WIS scientists made significant contributions to mathematical economics; three such contributions are described next.
Classical economic theory is based in an essential way on the assumption that markets are "perfect". In particular, no small number of agents has a significant effect on the market. Presumably, if the market is "big" then the market does not differ significantly from a perfect one. In order to make this notion precise one needs to obtain appropriate limit theorems. In particular, a topology (notion of proximity) has to be introduced on economic agents` characteristics, in particular their preference relations. In 1964, a WIS scientist constructed a natural topology and obtained sufficiently general limit theorems, leading to a fruitful line of research.
The "Law" of diminishing returns to scale was used by classical authors as to apply to the amount of utility derived from consumption. The notion that one could assign numerical values in an invariant manner to utility was attacked and almost abandoned. Nonetheless, as a WIS scientists showed in 1977, if only concave utility functions are considered, then the situation changes. There are three "canonical" ways of determining whether such a utility exists at all; and all constructions lead to the same "canonical" (aka "cardinal") utility function, and many classical concepts may be rehabilitated.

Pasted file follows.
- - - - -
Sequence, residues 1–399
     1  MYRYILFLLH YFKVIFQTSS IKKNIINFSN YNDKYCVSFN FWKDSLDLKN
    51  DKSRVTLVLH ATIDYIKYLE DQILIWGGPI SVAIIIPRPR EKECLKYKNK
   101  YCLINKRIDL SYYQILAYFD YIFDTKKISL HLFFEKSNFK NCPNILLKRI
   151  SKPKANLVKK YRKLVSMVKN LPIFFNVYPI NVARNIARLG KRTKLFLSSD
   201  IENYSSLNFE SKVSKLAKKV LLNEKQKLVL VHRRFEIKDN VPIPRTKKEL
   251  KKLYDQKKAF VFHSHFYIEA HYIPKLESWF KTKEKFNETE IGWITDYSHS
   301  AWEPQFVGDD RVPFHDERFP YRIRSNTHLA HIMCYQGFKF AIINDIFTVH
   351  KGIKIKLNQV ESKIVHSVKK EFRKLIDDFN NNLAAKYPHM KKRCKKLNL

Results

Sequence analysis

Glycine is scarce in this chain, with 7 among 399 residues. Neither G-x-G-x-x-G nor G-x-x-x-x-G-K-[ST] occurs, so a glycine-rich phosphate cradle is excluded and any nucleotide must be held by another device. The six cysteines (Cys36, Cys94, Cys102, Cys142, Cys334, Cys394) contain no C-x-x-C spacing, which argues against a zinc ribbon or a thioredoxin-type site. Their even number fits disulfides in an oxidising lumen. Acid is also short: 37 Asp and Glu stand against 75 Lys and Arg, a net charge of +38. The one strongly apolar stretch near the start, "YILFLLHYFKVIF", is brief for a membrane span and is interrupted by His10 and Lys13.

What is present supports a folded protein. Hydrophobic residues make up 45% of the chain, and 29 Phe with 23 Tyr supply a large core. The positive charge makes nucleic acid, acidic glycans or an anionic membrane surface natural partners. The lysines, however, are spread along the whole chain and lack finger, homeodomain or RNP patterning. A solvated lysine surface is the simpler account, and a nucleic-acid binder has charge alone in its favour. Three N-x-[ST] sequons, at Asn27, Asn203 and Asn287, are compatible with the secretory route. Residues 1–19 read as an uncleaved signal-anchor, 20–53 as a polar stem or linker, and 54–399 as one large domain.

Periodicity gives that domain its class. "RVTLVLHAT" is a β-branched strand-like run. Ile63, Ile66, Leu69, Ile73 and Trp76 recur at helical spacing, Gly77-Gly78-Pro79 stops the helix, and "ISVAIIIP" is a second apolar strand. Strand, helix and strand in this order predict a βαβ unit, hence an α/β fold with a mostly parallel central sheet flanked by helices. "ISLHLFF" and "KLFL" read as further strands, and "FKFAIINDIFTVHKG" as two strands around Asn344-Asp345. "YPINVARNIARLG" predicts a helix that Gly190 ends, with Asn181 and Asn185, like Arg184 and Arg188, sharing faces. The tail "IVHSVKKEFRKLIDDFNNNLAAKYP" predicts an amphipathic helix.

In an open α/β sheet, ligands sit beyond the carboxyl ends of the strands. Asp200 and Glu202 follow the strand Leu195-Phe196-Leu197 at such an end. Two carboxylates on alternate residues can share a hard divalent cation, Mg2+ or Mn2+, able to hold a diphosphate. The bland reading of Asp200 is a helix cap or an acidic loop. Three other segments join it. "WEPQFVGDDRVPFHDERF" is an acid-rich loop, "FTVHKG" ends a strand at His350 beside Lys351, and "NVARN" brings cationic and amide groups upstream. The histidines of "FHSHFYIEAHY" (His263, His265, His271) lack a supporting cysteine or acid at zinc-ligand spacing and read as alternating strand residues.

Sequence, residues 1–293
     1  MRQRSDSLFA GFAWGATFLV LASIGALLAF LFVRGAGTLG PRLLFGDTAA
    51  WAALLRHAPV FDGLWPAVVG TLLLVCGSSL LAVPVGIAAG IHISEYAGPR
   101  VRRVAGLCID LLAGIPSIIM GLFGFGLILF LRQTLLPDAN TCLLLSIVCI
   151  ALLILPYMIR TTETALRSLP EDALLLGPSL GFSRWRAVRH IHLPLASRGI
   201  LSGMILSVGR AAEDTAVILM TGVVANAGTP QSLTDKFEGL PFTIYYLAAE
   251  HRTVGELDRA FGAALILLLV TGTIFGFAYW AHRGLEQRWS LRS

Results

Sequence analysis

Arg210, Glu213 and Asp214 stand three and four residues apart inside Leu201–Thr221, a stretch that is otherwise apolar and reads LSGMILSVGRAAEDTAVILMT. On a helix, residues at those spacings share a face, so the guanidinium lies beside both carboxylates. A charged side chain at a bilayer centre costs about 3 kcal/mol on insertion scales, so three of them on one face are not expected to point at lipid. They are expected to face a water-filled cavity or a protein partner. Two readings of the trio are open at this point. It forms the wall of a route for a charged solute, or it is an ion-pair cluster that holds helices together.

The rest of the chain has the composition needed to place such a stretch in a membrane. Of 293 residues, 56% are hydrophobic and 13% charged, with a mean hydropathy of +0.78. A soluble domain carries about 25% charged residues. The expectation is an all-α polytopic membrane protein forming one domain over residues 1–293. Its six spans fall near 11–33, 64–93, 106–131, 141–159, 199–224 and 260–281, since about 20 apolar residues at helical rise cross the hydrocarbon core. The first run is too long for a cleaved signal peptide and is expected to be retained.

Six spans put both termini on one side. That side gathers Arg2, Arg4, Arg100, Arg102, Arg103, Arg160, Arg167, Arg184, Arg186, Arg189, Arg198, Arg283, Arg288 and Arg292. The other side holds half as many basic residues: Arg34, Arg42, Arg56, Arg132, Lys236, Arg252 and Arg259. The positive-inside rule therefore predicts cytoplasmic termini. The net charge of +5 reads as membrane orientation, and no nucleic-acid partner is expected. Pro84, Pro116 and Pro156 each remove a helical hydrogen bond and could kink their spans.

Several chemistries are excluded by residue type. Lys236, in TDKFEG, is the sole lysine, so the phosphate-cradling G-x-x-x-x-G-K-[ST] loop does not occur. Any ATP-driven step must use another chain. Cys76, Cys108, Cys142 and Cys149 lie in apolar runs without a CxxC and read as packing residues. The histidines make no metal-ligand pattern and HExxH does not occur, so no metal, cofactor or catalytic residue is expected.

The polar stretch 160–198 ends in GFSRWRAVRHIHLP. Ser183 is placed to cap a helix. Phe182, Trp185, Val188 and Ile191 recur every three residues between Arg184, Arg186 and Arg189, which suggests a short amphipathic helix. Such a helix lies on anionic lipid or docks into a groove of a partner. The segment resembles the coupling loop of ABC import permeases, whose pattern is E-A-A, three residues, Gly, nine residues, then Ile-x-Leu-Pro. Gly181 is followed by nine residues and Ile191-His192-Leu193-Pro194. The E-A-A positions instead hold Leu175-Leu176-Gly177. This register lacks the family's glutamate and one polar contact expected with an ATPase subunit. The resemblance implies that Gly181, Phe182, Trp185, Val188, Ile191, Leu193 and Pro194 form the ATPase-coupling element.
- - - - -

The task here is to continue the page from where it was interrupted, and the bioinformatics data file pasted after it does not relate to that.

Various attempts had been made trying to extend a preference ordering from a set (i.e, comparing pairs of alternatives in this set) to the power set (i.e., comparing pairs of subsets of alternatives). In 1984, it was shown by a WIS scientist and his visitor that no such extension exists, under rather mild and natural assumptions.